News wire — China aims to build one or two globally significant overseas iron ore mines by 2025 to boost supply of the steelmaking ingredient and strengthen its pricing power, the industry ministry said on Thursday.
Equity output from stakes held by Chinese firms in overseas mines should account for more than 20% of iron ore imports by that year, according to a five-year plan for the steel sector published by the Ministry of Industry and Information Technology (MIIT).
The plan, which is open for public feedback until Jan. 31, also called for increased supply of other steelmaking mineral resources such as manganese and chrome.
China, the world’s biggest steel producer, currently relies on imports for around 80% of its iron ore but it is not known how much of that is from mines overseas in which it holds stakes.
It has domestic iron ore mines with a much lower grade than in top producers like Brazil and Australia, and owns a stake in the Simandou mine in Guinea.
“China will accelerate construction of large iron ore projects in West Africa and Western Australia,” the MIIT said, adding that cooperation would also be strengthened with resource-rich Russia, Kazakhstan, Mongolia, Cambodia and other neighboring countries
China will also speed up mergers and acquisitions in the steel sector and form several “world-class” steel groups, said the ministry.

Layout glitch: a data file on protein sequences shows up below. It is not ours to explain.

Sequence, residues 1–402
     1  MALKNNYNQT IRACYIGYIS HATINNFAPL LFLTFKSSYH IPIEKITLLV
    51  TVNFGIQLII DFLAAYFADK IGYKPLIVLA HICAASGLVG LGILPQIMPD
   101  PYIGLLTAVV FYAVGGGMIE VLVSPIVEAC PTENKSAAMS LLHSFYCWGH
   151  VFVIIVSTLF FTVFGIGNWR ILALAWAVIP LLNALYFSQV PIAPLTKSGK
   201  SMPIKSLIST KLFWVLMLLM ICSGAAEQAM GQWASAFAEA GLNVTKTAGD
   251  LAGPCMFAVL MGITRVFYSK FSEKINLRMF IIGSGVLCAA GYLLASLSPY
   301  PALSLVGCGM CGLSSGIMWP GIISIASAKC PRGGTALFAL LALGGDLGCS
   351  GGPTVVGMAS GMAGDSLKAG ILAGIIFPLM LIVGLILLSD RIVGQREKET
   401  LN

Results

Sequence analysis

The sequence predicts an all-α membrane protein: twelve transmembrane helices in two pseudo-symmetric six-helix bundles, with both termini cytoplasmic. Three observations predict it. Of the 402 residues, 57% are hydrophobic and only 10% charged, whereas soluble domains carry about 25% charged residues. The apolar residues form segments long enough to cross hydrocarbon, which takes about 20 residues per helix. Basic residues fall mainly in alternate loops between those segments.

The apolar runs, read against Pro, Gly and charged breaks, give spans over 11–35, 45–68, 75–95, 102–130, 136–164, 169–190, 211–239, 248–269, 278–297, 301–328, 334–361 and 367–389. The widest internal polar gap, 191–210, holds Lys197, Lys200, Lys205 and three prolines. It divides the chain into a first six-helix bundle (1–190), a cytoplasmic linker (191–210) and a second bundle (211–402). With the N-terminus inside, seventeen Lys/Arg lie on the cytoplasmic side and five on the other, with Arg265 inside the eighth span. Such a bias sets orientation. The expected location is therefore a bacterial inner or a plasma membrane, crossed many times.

The top five Chinese steelmakers are expected to account for 40% of China’s total steel output by 2025, while the top 10 will have a 60% share, up from 37% now.
New steel production capacity in China will be strictly prohibited and new steel projects in coastal areas are “in principle” not allowed, the MIIT said.
Electric arc furnaces – which mostly use scrap steel as feedstock – should account for 15-20% of crude steel output, it added.
The MIIT, which on Thursday jointly issued a statement allowing imports of high-grade steel scrap from Jan. 1, is seeking to increase annual supply of domestic steel scrap resources to 300 million tonnes, the document said.
(Reporting by Min Zhang and Tom Daly; Editing by Jason Neely and Jan Harvey)